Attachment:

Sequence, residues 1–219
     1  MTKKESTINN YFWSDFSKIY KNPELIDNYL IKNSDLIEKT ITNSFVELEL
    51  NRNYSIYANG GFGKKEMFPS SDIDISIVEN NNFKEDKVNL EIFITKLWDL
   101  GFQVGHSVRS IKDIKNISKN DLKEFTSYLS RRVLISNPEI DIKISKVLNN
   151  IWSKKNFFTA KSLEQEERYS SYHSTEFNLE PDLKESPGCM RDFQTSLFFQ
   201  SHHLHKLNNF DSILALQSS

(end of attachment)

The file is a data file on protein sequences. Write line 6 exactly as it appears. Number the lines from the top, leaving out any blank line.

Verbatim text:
   201  SHHLHKLNNF DSILALQSS